only musi- Julia Roberts, Gwynet
cians tuning DiCaprio, Green Day,..
in to youth,
however.
There has also been musical activism
supporting President Bush through-
out the campaign season, tending to
appeal to a different demographic.
Kid Rock recently performed at a

The Gaitlin Brothers
dorsements
ner:
ck, Lee Ann Womack,
McIntyre
ner:
h Paltrow, Leonardo
John Mellencamp

party honoring House Speaker De
nis Hastert during the Republica
National Convention, while count:
singer Lee Ann Womack joined tl
campaign trail with Bush in Ohi
Country acts Brooks & Dunn ai

also perform<
during tt
conventior
Other
celebrity
Republican
include Ric
Martin, C.(
DeVille
Poison, Cli
Black, Re
McIntyre ai
Wayne Nec
ton. Britn(
Spears at,

appeared in an interview with CN1N
Tucker Carlson pledging her support f
the President.
The impact of the pop cultu
activism craze could potentially ha'

By Farayha Arrine
Daily Staff Reporter
For nearly half a century, John Ding-
ell (D-Ann Arbor) has served in the U.S.
House of Representatives and will most
likely continue to do so, as he is heavily
favored to win Tuesday's congressional
race after gaining 77 percent of the vote
in the August primaries.
Dingell will face Republican Dawn
Reamer, a 29-year-old attorney from
Huron Township. Reamer said she will
continue in the race despite knowing that
it will more than likely go to Dingell.
As a Democratic candidate for a heav-
ily Democratic district, Dingell's stance
on issues ranging from environmental
policy to race-based admissions has
been received well by the 15th district.
Dingell said he is anxious to get the
House back from the Republicans to run
things the right way.
On Iraq, Dingell voiced reservations
last year about the way the President
Bush had chosen to go to war.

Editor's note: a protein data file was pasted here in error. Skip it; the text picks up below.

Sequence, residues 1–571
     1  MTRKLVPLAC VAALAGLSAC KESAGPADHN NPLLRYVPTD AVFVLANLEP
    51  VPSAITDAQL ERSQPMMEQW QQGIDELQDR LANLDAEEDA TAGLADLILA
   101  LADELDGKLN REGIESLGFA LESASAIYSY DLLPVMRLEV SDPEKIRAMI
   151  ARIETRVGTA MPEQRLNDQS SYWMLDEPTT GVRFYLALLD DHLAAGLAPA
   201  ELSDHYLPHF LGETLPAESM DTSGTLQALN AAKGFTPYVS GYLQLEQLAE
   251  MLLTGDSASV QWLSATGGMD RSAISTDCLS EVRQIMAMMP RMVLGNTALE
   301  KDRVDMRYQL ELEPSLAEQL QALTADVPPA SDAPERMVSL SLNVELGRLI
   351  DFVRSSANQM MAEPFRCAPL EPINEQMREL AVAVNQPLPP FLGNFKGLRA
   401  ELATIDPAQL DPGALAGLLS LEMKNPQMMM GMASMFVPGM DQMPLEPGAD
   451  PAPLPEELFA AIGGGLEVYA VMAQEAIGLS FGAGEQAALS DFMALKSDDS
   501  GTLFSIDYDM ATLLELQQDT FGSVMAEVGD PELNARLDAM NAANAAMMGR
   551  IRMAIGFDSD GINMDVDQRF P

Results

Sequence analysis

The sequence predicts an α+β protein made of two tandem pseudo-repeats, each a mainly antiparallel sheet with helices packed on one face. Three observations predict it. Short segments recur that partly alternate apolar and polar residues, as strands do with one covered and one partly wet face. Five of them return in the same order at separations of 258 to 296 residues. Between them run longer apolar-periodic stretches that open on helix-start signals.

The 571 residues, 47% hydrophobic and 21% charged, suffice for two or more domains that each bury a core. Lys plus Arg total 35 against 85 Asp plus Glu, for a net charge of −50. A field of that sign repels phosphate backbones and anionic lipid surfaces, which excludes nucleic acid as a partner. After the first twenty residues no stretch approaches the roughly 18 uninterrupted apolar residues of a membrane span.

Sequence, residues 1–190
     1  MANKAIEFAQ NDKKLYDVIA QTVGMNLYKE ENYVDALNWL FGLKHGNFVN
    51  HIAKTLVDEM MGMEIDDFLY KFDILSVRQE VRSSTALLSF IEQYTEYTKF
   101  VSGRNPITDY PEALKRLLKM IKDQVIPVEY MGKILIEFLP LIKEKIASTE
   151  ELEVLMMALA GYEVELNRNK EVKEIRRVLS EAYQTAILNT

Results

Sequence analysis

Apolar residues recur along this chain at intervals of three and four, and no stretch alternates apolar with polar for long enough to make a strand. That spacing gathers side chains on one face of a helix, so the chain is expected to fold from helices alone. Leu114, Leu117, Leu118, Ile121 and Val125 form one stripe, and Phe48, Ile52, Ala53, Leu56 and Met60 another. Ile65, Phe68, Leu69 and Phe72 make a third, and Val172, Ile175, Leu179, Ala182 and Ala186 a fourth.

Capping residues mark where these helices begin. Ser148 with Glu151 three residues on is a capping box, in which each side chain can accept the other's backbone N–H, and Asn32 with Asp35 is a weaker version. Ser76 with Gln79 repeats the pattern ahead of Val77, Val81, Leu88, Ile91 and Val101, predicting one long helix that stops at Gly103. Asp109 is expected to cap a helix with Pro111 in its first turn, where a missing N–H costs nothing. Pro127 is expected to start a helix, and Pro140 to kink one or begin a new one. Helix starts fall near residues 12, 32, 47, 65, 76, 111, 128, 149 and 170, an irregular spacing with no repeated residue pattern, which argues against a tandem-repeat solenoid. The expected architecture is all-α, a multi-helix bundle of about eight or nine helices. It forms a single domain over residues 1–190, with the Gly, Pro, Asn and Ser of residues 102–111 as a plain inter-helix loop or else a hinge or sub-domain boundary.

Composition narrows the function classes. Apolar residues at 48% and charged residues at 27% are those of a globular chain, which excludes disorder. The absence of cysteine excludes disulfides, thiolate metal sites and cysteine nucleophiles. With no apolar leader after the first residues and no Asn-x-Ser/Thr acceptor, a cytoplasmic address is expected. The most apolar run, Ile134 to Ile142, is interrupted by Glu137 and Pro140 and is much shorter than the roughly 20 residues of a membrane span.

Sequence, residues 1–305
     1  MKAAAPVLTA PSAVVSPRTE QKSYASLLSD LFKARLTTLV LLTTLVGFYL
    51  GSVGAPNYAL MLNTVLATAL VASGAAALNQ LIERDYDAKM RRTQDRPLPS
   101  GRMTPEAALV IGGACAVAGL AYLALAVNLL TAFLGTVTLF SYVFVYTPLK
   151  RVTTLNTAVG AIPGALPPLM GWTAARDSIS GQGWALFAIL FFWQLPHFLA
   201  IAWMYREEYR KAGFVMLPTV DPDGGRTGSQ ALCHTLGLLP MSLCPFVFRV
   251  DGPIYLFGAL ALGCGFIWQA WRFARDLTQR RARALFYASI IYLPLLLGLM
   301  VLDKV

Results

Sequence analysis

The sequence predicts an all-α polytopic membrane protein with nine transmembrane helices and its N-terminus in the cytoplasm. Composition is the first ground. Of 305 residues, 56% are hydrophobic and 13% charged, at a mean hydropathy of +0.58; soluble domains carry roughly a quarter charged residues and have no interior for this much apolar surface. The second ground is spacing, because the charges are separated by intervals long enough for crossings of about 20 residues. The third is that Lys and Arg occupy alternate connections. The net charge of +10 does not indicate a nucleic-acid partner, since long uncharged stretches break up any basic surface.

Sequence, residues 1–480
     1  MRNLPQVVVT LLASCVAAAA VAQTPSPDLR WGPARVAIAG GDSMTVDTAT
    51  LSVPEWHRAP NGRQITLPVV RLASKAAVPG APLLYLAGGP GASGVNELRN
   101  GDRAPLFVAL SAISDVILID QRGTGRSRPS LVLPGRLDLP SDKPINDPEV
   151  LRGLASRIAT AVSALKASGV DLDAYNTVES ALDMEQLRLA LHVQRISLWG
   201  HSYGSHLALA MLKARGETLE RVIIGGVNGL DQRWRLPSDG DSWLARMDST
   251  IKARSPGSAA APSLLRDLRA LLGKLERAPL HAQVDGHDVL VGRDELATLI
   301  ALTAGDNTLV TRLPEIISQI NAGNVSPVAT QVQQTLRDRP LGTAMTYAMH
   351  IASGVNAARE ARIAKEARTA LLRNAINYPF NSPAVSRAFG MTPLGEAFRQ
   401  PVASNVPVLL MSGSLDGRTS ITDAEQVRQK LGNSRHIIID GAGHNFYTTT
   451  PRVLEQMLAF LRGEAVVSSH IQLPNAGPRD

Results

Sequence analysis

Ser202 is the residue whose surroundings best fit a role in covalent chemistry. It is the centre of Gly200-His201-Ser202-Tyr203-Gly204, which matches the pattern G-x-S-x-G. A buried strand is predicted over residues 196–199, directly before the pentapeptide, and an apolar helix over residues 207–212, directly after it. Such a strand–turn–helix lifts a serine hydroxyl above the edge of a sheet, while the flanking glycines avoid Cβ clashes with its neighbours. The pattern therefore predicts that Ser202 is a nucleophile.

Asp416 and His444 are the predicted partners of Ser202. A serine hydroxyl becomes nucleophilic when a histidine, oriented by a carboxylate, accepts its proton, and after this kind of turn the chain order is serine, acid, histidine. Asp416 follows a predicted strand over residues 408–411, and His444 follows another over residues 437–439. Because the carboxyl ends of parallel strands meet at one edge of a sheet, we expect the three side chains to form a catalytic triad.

"Preemptive, unilateral military
action without international support
remains gravely troubling. ... It will
also mean that the United States will
bear the costs of the war, the occupation
and the reconstruction of Iraq alone," he
said. But Dingell added that Americans
should support its troops.
His stance on the Arab-Israeli con-
flict has been to call on the president to
actively pursue peace in the region. Bush
announced early in his presidency that he
would not deal with Yasser Arafat, the

president of the Palestinian Authority, cit-
ing his ties with terrorism.
Dingell has also opposed Bush
administration initiatives such as the
Patriot Act, voting against it in 2001.
He added that he would also like to end
the No Child Left Behind Act, a broad
education initiative the president enact-
ed in 2002 that links school funding
to standardizing tests results. The act
has drawn criticism from some teach-
ers who say the government has under-
funded it.
Dingell remains, like many Dem-
ocrats, a strong opponent of Bush's
tax cuts and said he would also like
to see an end to the outsourcing of
jobs.
Last year, when the U.S Supreme
Court ruled against LSA's system
of awarding points to applicants
based on race, but allowed the use
of race-conscious admissions, Din-
gell hailed the decision as a victory.
He has since worked to oppose the
Michigan Civil Rights Initiative
that aims to end all considerations
of race in Michigan's public sector.
"The threat of affirmative action
repeal is ruining our campuses," he
said of the initiative.
Dingell receives some of his highest
interest-group ratings from environ-
ment and civil rights groups. He also
received an "A+" from the National
Rifle Association this year. Dingell has
been a gun-rights advocate and did not
support a renewal of the assault weap-
ons ban last month.

I